Ogham stones

Earlier this year I saw an online lecture by an Irish archeologist Michael Gibbons who specialises in Irish pilgrimage traditions.

His talk is mainly about pilgrimage sites in Ireland but especially at the beginning there are several references to, and photographs of, ogham stones.  There are also many references to the pre-christian traditions and an explanation of how the Irish persisted in ‘the old ways’ during the first wave of Christianity. When Oliver Cromwell took over England and Roman Catholicism was banned the Irish had their old traditions that they quickly returned to.
Ogham Stone, Kilmalkedar Church, Ireland

Ogham Stone, Kilmalkedar Church, Ireland

Michael also explains that Ireland has better archeological pickings due to the ongoing Irish believe in ‘the Fary folk’. This meant that any ancient sites were understood to be sacred and not to be tampered with. Unlike many countries where old sites were destroyed in the name of progress.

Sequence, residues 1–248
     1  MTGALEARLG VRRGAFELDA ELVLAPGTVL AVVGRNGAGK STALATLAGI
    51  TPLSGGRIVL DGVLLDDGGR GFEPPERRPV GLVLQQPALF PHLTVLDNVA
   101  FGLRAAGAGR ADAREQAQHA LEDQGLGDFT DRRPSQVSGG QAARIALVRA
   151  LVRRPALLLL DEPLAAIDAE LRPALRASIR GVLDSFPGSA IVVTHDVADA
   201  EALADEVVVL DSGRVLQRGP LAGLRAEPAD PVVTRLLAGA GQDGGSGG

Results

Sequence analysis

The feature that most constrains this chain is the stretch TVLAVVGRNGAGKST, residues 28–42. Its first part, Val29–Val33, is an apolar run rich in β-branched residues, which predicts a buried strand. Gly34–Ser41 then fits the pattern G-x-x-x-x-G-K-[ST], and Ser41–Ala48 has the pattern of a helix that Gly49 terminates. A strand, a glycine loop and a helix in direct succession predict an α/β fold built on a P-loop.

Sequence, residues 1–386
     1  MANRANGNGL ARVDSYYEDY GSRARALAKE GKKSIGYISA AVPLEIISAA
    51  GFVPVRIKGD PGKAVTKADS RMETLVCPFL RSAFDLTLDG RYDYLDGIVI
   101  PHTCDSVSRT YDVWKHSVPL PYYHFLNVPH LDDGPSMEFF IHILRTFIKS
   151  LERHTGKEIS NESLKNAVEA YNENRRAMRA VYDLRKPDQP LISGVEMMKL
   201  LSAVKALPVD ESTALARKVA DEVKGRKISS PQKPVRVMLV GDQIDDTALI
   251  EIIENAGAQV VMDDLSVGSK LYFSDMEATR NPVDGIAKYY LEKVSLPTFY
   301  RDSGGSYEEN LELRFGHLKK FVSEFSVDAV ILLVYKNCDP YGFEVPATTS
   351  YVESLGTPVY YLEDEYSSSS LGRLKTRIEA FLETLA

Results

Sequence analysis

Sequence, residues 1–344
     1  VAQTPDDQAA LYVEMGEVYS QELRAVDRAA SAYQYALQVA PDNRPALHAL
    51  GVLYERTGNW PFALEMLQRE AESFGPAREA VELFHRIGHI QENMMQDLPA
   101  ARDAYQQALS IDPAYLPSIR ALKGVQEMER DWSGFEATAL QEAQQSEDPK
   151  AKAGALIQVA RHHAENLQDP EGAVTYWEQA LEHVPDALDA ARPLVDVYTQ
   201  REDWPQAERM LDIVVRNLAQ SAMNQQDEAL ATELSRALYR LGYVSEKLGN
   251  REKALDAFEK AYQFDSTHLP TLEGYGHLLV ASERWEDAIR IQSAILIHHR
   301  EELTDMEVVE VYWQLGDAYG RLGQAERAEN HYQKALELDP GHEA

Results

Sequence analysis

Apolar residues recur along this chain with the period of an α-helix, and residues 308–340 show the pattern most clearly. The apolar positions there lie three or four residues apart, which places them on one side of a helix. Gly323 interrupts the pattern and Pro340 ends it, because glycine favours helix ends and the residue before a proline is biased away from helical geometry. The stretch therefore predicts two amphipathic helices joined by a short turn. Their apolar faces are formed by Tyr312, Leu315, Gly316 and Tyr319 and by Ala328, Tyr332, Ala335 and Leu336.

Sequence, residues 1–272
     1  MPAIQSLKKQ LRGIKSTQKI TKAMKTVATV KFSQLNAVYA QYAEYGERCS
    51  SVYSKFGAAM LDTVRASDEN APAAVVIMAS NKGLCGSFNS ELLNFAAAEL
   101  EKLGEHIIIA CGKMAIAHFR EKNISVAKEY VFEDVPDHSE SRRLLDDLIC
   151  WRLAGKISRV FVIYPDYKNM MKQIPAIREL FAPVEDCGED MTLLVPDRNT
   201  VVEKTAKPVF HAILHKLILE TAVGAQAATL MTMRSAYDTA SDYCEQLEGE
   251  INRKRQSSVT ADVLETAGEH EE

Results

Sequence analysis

This link to the lecture is from his sister’s website. She takes tours to New Grange so if you follow this link to the lecture you might like to also look at her website to learn more about New Grange a prehistoric ritual site and passage tomb in the Boyne valley near Dublin, Ireland that is 500 years older than the oldest Egyptian pyramids.
Additional links to pictures of Ogham stones: